Some hardship programs that allow people to defer monthly payments on credit cards, home, car and student loans during the pandemic offered by creditors have proved problematic for folks who thought they were a godsend.
The credit reporting provisions in the CARES Act basically preserves the status of an account at the time a payment deferral or other accommodations was granted. “So if you were current at the time of the accommodation, you should continue to be reported as ‘current’ if you comply with the terms of the accommodation,” said Chi Chi Wu, a staff attorney with the National Consumer Law Center in Boston.
But according to the hundreds of consumer complaints filed with the Consumer Financial Protection Bureau, moving from idea to implementation has not gone smoothly, as people with deferral or forbearance agreements say that creditors reported them as having late payments to the credit bureaus and had their credit scores lowered.
“This has been happening way more than it should be! A significant number of our clients were marked late even though they spoke with their creditors and advised them that they were going to be putting payments in deferral. The credit card companies still marked them late and their credit took a dip,” said Adem Selita, co-founder of The Debt Relief Company in Manhattan.
Selita said in an email, “Credit card companies should not be doing this since they are not allowed (by law mind you) to be marking anyone late since the onset of the pandemic, especially if the consumer reached out and made them aware of any hardship.”
Michael Foguth, founder of Foguth Financial Group in Brighton, Michigan, said, “Lenders are looking for revenue. This is a 100% money grab.”
What recourse do you have? Some are turning to the courts.
“The servicer Great Lakes Educational Loan Services erroneously reported to the credit bureaus that many student loan holders had missed payments during the CARES Act loan payment suspension period. A class-action lawsuit has been filed against them and the three credit bureaus,” said Leslie Tayne, a debt resolution attorney with the Tayne Law Group in Melville.
In an email statement to Newsday, Great Lakes said it was “committed to resolving the issue quickly.”
Ben Kiser, managing director for the servicer’s communication services, said, “On May 6, Great Lakes reported repayment borrowers to the credit reporting agencies in a manner it believed would not have a negative impact on borrower credit scores.” On May 11, after Great Lakes began receiving questions from borrowers about their credit scores, Kiser said, “Great Lakes began researching these borrower accounts and determined there was an inconsistency between Great Lakes reporting and that of other student loan servicers. Instead of reporting borrowers as current with monthly payments of $0, Great Lakes reported borrowers as current with deferred monthly payments of $0.”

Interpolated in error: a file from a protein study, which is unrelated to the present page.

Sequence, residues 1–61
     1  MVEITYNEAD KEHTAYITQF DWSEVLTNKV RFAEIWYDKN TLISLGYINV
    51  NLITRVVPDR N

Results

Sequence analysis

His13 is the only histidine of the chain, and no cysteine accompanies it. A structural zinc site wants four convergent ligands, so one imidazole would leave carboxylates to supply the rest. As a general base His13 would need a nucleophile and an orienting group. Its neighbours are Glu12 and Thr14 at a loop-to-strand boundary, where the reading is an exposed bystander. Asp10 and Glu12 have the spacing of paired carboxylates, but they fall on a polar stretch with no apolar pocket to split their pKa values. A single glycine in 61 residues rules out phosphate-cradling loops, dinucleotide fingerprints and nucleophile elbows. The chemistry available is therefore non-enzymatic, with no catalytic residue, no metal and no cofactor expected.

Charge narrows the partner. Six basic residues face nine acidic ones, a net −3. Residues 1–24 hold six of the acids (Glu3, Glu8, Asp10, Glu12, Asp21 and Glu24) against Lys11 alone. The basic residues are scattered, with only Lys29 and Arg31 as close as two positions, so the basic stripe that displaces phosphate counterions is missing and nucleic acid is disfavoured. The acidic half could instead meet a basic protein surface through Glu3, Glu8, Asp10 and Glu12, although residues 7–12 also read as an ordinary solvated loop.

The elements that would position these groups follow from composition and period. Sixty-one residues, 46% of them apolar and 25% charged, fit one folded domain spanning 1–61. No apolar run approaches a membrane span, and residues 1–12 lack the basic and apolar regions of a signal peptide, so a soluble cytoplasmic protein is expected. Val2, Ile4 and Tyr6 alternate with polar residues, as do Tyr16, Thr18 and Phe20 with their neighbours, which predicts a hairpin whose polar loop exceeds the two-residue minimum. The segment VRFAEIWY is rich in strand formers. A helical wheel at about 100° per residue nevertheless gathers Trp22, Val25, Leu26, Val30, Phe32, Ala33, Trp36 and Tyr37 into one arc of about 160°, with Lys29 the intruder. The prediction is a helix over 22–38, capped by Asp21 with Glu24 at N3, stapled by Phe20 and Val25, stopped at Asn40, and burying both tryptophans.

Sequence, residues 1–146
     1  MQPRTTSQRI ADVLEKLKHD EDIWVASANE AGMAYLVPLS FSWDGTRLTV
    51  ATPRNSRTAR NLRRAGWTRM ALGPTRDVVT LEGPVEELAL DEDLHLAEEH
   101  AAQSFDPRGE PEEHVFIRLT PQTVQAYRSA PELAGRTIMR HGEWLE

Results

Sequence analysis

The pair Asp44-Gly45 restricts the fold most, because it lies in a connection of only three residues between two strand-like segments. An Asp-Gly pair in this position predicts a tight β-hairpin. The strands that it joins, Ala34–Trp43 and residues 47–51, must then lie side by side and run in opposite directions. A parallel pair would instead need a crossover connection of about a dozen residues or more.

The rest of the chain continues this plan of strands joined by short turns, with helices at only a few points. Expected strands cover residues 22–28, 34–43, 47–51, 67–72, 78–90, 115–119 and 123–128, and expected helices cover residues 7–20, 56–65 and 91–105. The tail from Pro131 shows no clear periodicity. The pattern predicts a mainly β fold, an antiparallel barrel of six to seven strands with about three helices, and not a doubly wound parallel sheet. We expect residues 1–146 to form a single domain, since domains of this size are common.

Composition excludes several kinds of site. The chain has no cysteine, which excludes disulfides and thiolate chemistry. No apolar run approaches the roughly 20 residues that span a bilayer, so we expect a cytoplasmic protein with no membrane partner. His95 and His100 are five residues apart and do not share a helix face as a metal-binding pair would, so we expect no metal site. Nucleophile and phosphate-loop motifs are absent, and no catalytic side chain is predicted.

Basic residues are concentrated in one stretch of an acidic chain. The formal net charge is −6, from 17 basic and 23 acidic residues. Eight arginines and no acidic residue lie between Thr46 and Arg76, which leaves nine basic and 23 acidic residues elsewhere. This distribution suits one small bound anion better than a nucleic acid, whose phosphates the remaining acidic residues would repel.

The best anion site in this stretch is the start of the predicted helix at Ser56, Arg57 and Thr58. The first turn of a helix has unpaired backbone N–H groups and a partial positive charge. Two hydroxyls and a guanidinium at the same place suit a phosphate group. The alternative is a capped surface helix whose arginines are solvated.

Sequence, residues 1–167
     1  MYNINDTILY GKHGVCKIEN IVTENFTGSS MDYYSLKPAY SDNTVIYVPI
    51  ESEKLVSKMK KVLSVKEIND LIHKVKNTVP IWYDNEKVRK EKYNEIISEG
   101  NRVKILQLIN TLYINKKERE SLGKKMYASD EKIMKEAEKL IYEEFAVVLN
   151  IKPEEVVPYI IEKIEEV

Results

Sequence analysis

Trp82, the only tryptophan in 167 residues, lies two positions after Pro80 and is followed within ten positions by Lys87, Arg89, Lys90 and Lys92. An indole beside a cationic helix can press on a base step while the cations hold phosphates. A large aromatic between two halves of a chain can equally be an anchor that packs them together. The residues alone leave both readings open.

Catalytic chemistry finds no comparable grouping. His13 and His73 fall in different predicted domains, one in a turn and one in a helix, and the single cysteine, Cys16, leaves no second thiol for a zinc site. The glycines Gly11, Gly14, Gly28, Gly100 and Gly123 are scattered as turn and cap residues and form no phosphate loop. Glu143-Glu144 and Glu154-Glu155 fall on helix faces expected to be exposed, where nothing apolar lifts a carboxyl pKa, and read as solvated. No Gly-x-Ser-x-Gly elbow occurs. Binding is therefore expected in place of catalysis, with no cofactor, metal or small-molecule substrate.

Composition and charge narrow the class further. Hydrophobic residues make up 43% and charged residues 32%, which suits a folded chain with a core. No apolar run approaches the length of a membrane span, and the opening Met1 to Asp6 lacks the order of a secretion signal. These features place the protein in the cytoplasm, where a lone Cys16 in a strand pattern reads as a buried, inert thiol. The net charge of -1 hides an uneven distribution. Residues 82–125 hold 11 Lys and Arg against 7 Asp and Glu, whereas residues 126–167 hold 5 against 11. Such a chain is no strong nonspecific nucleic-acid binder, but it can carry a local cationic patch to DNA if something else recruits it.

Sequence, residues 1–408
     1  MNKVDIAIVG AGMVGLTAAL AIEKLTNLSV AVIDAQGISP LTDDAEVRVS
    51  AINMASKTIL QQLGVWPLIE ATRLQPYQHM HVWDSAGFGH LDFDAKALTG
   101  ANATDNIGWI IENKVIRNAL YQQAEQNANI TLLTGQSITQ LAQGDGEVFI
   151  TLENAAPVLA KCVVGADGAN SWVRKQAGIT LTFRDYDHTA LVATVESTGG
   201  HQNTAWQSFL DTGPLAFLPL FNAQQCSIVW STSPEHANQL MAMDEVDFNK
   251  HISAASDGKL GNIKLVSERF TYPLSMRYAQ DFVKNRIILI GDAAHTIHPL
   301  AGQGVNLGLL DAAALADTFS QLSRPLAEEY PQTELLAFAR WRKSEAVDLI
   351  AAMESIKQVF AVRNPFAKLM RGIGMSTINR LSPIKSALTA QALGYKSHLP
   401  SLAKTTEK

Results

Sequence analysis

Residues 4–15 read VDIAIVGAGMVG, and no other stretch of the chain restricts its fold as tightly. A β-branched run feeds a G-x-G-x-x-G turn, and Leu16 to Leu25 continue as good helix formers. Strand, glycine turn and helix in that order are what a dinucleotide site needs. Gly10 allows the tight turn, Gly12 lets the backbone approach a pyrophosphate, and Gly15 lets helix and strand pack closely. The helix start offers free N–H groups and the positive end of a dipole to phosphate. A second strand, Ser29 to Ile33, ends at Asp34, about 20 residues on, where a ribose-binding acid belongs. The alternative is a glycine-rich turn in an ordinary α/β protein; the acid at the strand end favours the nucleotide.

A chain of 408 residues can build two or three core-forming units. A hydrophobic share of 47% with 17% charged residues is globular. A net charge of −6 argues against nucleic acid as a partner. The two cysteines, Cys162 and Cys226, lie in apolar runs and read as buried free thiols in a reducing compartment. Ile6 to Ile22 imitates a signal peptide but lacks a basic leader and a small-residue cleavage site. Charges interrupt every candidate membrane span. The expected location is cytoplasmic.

Kiser said Great Lakes has “let our borrowers know we would adjust the inconsistency in reporting with the credit reporting agencies immediately.”
Tayne said student loan holders should check their credit report from all three bureaus, Experian, TransUnion and Equifax to see if an error was reported. She added that until April 2021, you can check reports from each bureau weekly for free on annualcreditreport.com.
To dispute an error on your credit reports, get in touch with the credit bureaus. To initiate a dispute for Experian, go to the Dispute Center on Experian’s website, Experian.com, or call the number listed on the Experian credit report. To do so for TransUnion, go to dispute.transunion.com or call 833-395-6941. For Equifax, go to Equifax’s website, Equifax.com, or call 866-349-5191. If you use free credit monitoring tools such as Credit Karma, you can also dispute information directly from their website.
You can appeal a change to your credit score by submitting supporting evidence to the credit bureau (for example, showing a written agreement that you were granted a deferral on monthly payments, not just late on your payments). You can submit a complaint to the U.S. Consumer Financial Protection Bureau here on their website, consumerfinance.gov/complaint.
How can you get the relief you need and not have it come back to bite you? “Explain your specific situation to your lender and not automatically assume there is an extension. Working with your credit card company is key,” said Paul Miller, founder of Miller & Co. in Manhattan.
Get the facts. “How will the creditor report to the credit bureau, will they still charge interest during the deferment period and what happens to the missed payments at the end of the deferment period,” asked Katie Bossler, quality assurance team lead for GreenPath in Farmington Hills, Michigan.
Joshua Zimmelman, president of Westwood Tax & Consulting in Rockville Centre, said, if a creditor grants you a deferral, get evidence. “Don’t just speak to someone on the phone, ask for it in writing. If they then report you to the credit bureau, you have evidence that they were in the wrong.”
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